As tensions in Idlib, Syria mount, Russia and Turkey have agreed to take joints steps towards normalization, following a meeting between Turkish President Recep Tayyip Erdogan and Russian President Vladimir Putin at a military airshow outside Moscow earlier this week.
“Together with Turkey’s president, we have outlined additional joint steps to neutralize the terrorists’ nests in Idlib and normalize the situation there and in the whole of Syria as a result,” RIA Novosti quoted President Putin as saying earlier this week.
The situation in the northwestern Syrian region of Idlib – the last bastion for rebel and jihadist groups that have been trying to overthrow President Bashar Al Assad in a civil war that is in its ninth year – has gotten worse. Reports indicate that attacks in the area supposed to be under a ceasefire have intensified.
Putin emphasized that Russia and Turkey reaffirm their adherence to the sovereignty and territorial integrity of Syria, and are alarmed by the situation in the de-escalation zone.
“Terrorists continue shelling the positions of Syrian government forces, trying to attack Russian military installations,” Putin said. “The de-escalation zone must not serve as a refuge for militants, let alone a bridgehead for new attacks.”
Turkey, along with Iran and Russia, is considered a guarantor of what has been dubbed the Astana process, which has tried to broker a ceasefire and political settlement of the Syria conflict that includes representatives of all factions to the conflict. Both Russia and Iran have backed the Assad regime, who has been waging a civil war since the spring of 2011, while Turkey has reportedly supported some opposition factions in the northwestern Idlib region.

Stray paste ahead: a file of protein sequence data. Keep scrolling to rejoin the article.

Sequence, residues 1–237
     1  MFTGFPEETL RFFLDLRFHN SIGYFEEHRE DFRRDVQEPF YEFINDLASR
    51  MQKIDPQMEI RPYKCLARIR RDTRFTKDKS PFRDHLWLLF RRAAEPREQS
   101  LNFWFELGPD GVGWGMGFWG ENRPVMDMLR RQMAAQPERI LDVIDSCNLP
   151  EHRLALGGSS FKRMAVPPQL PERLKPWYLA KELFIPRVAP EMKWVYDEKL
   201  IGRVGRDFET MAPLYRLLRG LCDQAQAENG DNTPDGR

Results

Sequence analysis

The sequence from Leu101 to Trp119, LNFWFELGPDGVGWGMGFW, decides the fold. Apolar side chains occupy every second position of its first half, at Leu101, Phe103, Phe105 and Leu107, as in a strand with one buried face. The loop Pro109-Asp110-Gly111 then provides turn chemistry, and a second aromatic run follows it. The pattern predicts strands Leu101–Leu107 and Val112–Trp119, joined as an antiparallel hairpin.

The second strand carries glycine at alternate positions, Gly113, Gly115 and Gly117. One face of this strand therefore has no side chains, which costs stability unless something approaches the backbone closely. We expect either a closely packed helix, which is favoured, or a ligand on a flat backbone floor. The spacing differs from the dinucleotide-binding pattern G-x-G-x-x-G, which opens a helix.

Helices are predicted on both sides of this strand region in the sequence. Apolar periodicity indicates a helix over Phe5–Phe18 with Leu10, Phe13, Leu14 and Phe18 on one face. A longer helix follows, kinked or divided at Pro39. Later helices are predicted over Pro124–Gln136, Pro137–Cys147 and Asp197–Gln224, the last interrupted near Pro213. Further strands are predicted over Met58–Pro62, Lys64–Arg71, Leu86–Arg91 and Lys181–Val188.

Speaking alongside his Russian counterpart, President Erdogan condemned the Syrian government for the escalation in the region, which is supposed to be protected from a massive offensive by a buffer zone deal signed between Russia and Turkey back in September 2018.
On August 19, Syrian air forces attacked a Turkish military convoy en route to Idlib province’s Khan Shaykhun, a town of strategic significance for the Syrian government that sits on a key highway linking the large northern city of Aleppo to the capital of Damascus, and has been used as a major rebel supply route. The Turkish Defense Ministry said the convoy was headed to one of 12 observation posts in Idlib.
“It is unacceptable that the regime spreads death both from land and air under the pretext of fighting terrorism,” Hurriyet Daily News quoted Erdogan as saying at the joint press conference. The Turkish leader expressed his concerns that the regime’s attacks, which have claimed lives of more than 500 civilians and injured more than 1,200 people since May, may lead to “humanitarian crisis” in the region.
Meanwhile, Russian analyst Boris Dolgov, a senior researcher in the Institute of Oriental Studies of the Russian Academy of Science, believes that the real stabilization in the region can be achieved only if the Syrian forces take the de-escalation zone under its control.
“I think Ankara will take into account Syria’s interests related to maintaining its own territorial integrity and sovereignty, and, of course, [the interests of] the Russian Federation, who fights for peace and defeating terrorism in the Arab Republic” analyst told on Wednesday in an interview with the Federal New Agency, commenting on Erdogan’s visit.